21 September 2013

Who are you? Where is your Avatar?

If asked whether I have a pet peeve in social/learning networks, then my answer is YES! I do.

As an educator, I cannot understand how teachers (and not only of course) shy away from using an avatar in their networks. I happen to manage a fast-growing group on LinkedIn, one that is used by educators for educators.  One characteristic that I constantly see, is how teachers will sign up, yet will have no avatar. Not even the face of a dog, cat or sparrow for that matter, is used to represent them. 

On the one hand, I may understand how individuals think that by avoiding the use of an avatar they will remain "incognito" online (do people still believe that in 2013?!) and therefore "safe" to troll perhaps (is that what motivates individuals to join professional networks??!)  On the other hand, this begs the question - what example are these educators giving to their students?

One of the first tasks I give my students when they join a LMS is to upload an avatar representing themselves. Creating an avatar is important in my context - I happen to work with female students who often are not socially allowed to display their faces in public, let alone online. By giving them a choice of avatar makers, I am giving them digital choices of learning. One needs to read the screen and instructions to make an avatar; one may play around with the features until one is satisfied with the outcome.  For the teacher who uses a LMS where students may upload an avatar, whether they (students) use their own image or a created avatar, this helps the teacher to locate a particular student quickly in a list of names, as well as learning a little bit more about that student and his/her individual quirkiness and individuality. 

The Great Gatsby  offers learners both male and female avatars, with choices ranging from skin colour to accessories. 

You can then decide on how you want your avatar represented - as you can see from the image on the left. Learners can also choose the background they want for their avatar. 

It is by setting examples to students, by modelling learning, by showing how digital literacies are put into practice, that students learn. Creating an avatar is fun and for many, is a learning opportunity which then helps them to better read instructions online (e.g. when signing up and using digital tools). 

iMade Face  is yet another free avatar maker,
free and easy to use on iPads.

And please, any educator who may stumble across this post: do add an avatar to your online presence online. Make it human, humourous, make it visible to students and colleagues. It really does make a difference to your online community.

End of rant!

Further suggestions:

Storytelling and Avatars

Avatars for You!

Avatar Me

Dobbel Me!

Natural Movements

Digital Delights - Avatars, Virtual Worlds, Gamification 


  1. Ahhh Hocam - we share another pet peeve,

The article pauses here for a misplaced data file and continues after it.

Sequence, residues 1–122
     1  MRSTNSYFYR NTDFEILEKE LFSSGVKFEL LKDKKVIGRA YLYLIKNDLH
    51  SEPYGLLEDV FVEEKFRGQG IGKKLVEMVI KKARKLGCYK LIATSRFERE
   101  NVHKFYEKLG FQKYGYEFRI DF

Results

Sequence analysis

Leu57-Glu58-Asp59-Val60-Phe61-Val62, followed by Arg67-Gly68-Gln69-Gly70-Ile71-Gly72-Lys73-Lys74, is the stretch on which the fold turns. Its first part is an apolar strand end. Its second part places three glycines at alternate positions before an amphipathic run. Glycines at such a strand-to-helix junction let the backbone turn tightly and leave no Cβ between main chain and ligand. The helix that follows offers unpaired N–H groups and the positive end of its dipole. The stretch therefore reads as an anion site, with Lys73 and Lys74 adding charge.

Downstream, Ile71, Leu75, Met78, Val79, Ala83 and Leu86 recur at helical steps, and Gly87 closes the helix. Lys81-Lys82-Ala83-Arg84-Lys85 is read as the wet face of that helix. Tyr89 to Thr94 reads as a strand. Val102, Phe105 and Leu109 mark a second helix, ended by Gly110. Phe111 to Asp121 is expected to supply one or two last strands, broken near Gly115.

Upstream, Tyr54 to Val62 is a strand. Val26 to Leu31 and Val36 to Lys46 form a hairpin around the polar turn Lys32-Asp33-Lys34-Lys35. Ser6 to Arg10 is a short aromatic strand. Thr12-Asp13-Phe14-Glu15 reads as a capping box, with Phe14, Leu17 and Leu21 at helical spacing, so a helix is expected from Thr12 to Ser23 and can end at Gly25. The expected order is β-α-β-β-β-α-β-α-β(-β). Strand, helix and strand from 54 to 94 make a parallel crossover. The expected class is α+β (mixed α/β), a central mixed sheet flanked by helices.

Actually, rather than an avatar per se - I think it's just nice to see a "human face". 50% of teaching is all about connection (same with doctors) - and 49.9999% of that connection comes via the eyes and the smile ;-)


  2. Greetings HoCam! Thank you for taking time to read and comment Tony; yes, it really is a pet peeve that I struggle to understand. As you very well say, connecting is essential and if educators (in particular) are connecting with students and colleagues, how can it be so difficult to create an avatar rather than showing up as a bland, blank egghead?

    Additionally, not only do educators carry digital responsibility, but frankly, "connecting" with a dog face (for instance) isn't always cute - unless there is some possible mission behind the avatar. Whether serious or smiling, whether a cartoon or a real portrait/photo, I do think that everyone should use an avatar. It's 2013 - the internet is not really a "secret" any longer. Above all, educators who wish to have some degree of respectability, need to consider using an avatar in their networks.

  3. Thanks for your topic. This may seem like an insignificant subject, but it really is interesting and you bring up larger issues with social media and education. I use an LMS every day with students and have a photo with my profile. Up to this point, I have allowed students to choose whether they want to have pictures or not, but after reading your blog, I will likely make them required. I teach in a single gender school in which the boys wear uniforms - it's easy for them to begin to blend together. Including an avatar would bring some individuality to a venue where they may not think it "appropriate" to include a picture. I am now thinking about how the photos and graphics that ARE on the LMS get a reaction out of me, and how students who felt the most comfortable in past years have included a picture, and that more and more of them have done so as the school year went on.
    If I want them to feel at ease with the online portion of my course, then they should have a more full online presence that truly represents each of them. I'm interested to see how a seemingly simple thing like adding an avatar might affect this.

  4. Hi Jennifer,

    Thank you for your time and sharing your thoughts. I definitely agree with how giving students the opportunity of individuality may be positive for them. My students wear the traditional "abaya" (the black cloak typical of the Arabic Gulf) and yet their avatars express their own particular tastes and individual styles. It's also interesting to see how students change their avatars, either because they are becoming more confident in trying out new avatar tools or simply because they are maturing and feel the need to reflect that.

    I wish you all the best of success in your endeavours and hope your boys will have fun with their avatars!